It extended into painting, such as in paintings depicting imaginary scenes of the Orient interior and exterior environments, such as this Rococo painting by Francois Boucher, depicting his interpretation of a Chinese garden, as well as into landscape arts and architecture of English gardens, such as the Chinese Pagoda at the Royal Botanical Gardens in England. Even modern-day dinnerware was influenced by chinoiserie. Think of it every time your mother asks you to break up the good china at Thanksgiving.
Chinoiserie ceramics extended beyond dinnerware and tea cups. It included pottery as well, including Delftware, which is a specific type of tin-glazed pottery from the Netherlands, and imitation lacquerware. Now, imitation is the key word here. These were not authentic examples of Chinese goods, but rather faithful imitations of Chinese productions with Oriental-inspired motifs.
A production facility in Vienna was one the largest producers of this type of chinoiserie pottery, like this example from 1799. Artificial lacquerware was intended to look like real lacquerware. True lacquer refers to a resinous secretion of the Lac insect, certain species which are endemic to Asia. These are beautiful imitations of Chinese pottery, using a resin that produces a similar finish to true lacquer. It was a very popular form of pottery until the closing of the Vienna factory in 1864.
So that brings us to the end of this lesson. Let's take a look at our objectives again and see if we met them. Now that you've seen the lesson, are you able to identify and define today's key terms?
Can you describe the stylistic elements of the Moresque and chinoiserie? And can you identify examples of Orientalism in architecture and the decorative arts? Once again, the big idea for today is that Orientalism in architecture and the decorative arts typically refers to a Moresque stylistic influence in architecture and the practice of chinoiserie in the decorative arts.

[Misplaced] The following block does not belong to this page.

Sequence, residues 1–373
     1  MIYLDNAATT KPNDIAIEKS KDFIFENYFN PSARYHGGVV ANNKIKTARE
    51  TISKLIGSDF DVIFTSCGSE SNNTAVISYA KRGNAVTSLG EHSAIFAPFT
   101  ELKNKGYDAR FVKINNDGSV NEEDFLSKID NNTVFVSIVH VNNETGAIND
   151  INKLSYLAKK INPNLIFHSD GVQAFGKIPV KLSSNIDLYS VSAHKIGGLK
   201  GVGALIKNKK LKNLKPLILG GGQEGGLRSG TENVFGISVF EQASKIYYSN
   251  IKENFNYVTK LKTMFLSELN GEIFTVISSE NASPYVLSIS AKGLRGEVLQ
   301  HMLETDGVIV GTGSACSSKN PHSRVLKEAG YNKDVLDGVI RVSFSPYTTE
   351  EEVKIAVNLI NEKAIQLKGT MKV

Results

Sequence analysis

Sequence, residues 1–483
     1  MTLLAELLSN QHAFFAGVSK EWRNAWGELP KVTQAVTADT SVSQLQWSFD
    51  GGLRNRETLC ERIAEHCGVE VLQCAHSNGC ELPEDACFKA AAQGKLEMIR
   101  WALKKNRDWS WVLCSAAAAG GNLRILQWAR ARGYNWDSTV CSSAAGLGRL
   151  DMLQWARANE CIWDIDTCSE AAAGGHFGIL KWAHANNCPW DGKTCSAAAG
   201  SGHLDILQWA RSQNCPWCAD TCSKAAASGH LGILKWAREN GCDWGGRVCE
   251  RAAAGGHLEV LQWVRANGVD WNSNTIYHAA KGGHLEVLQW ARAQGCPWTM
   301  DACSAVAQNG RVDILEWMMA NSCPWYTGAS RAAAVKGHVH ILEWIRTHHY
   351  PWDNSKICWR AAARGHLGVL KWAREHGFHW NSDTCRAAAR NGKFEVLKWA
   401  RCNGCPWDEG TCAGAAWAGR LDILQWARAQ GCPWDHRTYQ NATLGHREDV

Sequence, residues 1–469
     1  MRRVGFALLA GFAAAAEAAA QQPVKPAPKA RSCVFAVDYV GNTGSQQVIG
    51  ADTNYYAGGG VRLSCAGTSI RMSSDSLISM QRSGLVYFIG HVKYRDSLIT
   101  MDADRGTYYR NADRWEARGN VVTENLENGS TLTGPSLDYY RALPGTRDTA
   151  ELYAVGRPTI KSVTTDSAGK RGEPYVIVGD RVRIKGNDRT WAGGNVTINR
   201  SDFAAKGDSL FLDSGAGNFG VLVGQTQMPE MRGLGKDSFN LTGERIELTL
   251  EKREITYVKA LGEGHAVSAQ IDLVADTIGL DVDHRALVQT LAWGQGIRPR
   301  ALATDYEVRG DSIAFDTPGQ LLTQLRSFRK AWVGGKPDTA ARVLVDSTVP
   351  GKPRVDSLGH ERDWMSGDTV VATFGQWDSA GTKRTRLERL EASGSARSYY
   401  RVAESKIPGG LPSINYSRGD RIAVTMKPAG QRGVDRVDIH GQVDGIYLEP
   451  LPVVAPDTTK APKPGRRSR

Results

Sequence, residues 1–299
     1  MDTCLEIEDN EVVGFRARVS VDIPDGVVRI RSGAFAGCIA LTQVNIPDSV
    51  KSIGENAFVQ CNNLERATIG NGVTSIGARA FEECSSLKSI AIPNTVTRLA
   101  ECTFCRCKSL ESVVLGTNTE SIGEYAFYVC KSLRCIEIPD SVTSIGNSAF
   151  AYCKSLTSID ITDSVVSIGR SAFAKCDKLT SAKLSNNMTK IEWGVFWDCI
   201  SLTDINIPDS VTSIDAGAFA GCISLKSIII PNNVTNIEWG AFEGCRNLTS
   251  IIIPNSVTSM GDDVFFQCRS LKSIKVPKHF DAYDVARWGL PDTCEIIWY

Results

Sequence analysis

And there you go. Thank you very much for joining me today. I'll see you next time.
(0:00-2:18) Introduction, Key Terms, BIG IDEA
(2:19-2:43) When in History? and Geography Lesson
(2:44-3:55) Sofia Synagogue
(3:56-5:01) The Chinese Garden
(5:02-6:00) Vienna Porcelain Jug
(6:01-6:41) Review, Wrap-up, Ending
A synonym for an Islamic decorative style of arabesque or interlaced patterns observed in Mannerism.
Relating to the Muslim people of North Africa. Also a style of Muslim architecture in Spain.
A tower attached to a mosque calling people to prayer.
A feature of Islamic architecture where the window is characterized by having a rounded top.
An 18th-century style of western European art that incorporates the influence of Chinese decorative elements.
Pottery covered in a shiny white glaze to make it resemble Chinese porcelain.
A 19th-century art movement that rejected Realism, using the convention of representing things through symbols or signs.
A type of tin-glazed pottery produced in the Netherlands from the 16th to the 18th-centuries.
The religious faith of Muslims with the basic principle of absolute submission to Allah.
Sofia Synagogue; Creative Commons http://en.wikipedia.org/wiki/File:Sofia_Synagogue_11c.jpg; The Chinese Garden; Public Domain: http://en.wikipedia.org/wiki/File:Le_Jardin_chinois_%28detail%29_by_Fran%C3%A7ois_Boucher.jpg Vienna Porcelain Jug; Creative Commons (I, Sailko): http://en.wikipedia.org/wiki/File:Museo_delle_porcellane_di_Firenze,_porcellane_viennesi_a_cineserie,_1799,_02.JPG; Image of Synagogue Interior Creative Commons http://en.wikipedia.org/wiki/File:Inside_Sofia_Synagogue.jpg; Image of Synagogue Dome Exterior Creative Commons http://en.wikipedia.org/wiki/File:Synagogue_in_Sofia_20090406_003.JPG